In the time I’ve been playing roller derby, I’ve gone through an inordinate number of knee pads. Maybe I’m just picky, but I’m telling you, I’ve had some real stinkers (derby stank pun! I make jokes!).
I’m reviewing a number of different knee pad brands that I have personally owned and used. This will be a chronological series, so let’s get started with the first – and worst – pads I ever owned.
A note about me: these reviews are based on the experiences of a 5’7″, 160lb woman. I can’t tell you how effective each of them are for a bigger skater, and likewise, the pads that felt too flimsy for me might be great for tiny skaters. But, okay, back to the stuff.
Like I mentioned before, these were the first knee pads I ever owned, and the hard cap snapped in half after about three months’ use. I’m not anti-Triple 8 – I’m all about their Wristsavers – but seriously, these knee pads are super not good. For those first three months, I often had bruises on my knees, that I’d acquired through my pads!Triple 8 have since released a “pro” knee pad that a few skaters in my league actually currently use, so this isn’t a comment on those in any way.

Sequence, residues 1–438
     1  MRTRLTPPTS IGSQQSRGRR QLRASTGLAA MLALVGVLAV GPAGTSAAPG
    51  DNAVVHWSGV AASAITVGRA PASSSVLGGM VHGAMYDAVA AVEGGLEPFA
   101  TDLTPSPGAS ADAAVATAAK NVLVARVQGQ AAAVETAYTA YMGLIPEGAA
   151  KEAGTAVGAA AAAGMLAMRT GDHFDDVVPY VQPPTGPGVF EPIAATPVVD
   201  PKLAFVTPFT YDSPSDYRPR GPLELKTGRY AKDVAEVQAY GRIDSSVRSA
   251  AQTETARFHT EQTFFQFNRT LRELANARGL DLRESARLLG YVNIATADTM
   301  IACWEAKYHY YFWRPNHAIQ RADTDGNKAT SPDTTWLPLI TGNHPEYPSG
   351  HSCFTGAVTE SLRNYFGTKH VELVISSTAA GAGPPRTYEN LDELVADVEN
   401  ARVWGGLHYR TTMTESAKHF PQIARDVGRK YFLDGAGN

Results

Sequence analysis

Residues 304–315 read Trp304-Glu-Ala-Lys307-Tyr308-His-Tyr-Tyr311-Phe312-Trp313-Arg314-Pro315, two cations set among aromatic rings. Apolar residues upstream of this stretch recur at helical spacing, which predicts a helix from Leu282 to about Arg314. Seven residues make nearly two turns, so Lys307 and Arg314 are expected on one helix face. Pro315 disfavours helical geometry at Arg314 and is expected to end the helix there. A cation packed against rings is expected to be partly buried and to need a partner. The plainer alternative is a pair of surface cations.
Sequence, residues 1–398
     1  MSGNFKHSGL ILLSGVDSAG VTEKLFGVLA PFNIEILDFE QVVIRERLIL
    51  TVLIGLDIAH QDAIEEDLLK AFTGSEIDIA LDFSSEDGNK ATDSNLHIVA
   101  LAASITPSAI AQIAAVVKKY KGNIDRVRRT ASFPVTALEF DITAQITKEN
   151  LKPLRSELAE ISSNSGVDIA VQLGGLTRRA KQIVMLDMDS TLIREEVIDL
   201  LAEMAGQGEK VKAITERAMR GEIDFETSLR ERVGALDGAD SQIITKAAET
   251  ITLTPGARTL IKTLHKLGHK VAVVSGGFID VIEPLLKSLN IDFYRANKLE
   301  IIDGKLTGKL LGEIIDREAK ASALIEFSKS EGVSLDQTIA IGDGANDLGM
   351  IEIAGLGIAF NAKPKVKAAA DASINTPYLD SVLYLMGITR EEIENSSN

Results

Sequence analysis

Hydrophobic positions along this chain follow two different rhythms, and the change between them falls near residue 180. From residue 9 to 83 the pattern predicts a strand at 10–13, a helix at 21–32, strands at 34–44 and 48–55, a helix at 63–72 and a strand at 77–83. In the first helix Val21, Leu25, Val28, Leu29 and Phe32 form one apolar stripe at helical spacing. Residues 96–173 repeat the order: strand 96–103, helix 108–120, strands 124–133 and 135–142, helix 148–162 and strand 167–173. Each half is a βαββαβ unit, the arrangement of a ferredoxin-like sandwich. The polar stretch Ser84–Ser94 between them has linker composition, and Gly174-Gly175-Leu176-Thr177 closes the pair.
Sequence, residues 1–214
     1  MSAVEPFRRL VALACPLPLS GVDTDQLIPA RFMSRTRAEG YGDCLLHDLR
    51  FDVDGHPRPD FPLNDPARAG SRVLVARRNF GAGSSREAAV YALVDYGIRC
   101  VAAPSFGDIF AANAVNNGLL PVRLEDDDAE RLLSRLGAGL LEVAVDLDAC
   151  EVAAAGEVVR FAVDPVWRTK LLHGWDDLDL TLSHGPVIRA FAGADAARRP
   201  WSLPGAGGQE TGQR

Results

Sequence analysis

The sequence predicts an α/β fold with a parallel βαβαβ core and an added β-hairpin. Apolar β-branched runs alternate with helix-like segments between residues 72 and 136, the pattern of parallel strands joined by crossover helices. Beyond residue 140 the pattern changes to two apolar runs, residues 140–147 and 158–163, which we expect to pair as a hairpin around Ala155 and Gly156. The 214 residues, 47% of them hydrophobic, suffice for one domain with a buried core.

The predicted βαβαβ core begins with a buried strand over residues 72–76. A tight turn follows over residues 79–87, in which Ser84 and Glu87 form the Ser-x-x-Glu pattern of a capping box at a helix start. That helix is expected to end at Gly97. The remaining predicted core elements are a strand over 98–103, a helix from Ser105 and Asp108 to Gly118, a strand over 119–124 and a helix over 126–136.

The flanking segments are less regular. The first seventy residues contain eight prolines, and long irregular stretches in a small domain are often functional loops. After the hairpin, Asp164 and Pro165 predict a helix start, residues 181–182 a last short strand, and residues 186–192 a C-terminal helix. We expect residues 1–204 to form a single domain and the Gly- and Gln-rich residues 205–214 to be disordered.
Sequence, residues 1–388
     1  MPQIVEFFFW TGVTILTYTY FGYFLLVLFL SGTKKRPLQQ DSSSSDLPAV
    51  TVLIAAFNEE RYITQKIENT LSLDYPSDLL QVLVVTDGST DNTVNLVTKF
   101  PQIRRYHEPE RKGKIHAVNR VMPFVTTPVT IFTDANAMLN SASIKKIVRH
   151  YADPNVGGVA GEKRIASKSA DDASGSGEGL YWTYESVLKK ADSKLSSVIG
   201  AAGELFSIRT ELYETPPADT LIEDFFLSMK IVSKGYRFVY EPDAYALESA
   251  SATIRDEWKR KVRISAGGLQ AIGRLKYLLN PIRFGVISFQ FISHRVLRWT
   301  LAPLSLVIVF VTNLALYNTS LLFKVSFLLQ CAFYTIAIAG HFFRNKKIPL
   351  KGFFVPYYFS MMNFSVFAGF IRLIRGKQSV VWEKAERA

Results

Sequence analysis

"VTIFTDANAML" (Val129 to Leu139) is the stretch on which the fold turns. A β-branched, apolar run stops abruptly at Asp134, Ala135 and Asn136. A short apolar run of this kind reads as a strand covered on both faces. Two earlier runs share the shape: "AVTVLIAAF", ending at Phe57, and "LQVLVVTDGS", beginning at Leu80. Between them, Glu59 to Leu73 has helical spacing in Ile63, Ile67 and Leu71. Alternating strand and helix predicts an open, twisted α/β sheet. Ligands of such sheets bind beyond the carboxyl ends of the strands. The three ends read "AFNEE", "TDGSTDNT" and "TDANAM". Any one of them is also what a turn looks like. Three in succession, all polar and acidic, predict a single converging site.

They come in sizes Jnr, S, M, L, XL. The sizes are pretty standard – I wore the medium, as I normally do. They have a butterfly back so they’re easy to take on and off. If you did buy these, I’d consider retiring them to only non-falling occasions, like social skates or perhaps a booze-free roller disco.
I paid $34.95 for these bad boys (granted, I knew no things about derby or gear, and had no idea how long I’d be skating for). But knowing what I know now, I implore you – don’t buy these knee pads! When I mentioned investing in your knees earlier, this is what I was talking about. The $40-$60 you’ll save buying these isn’t worth squat since you’ll have to replace them soon anyway, shortly before you’re forced to retire from derby prematurely because your knee caps fell out.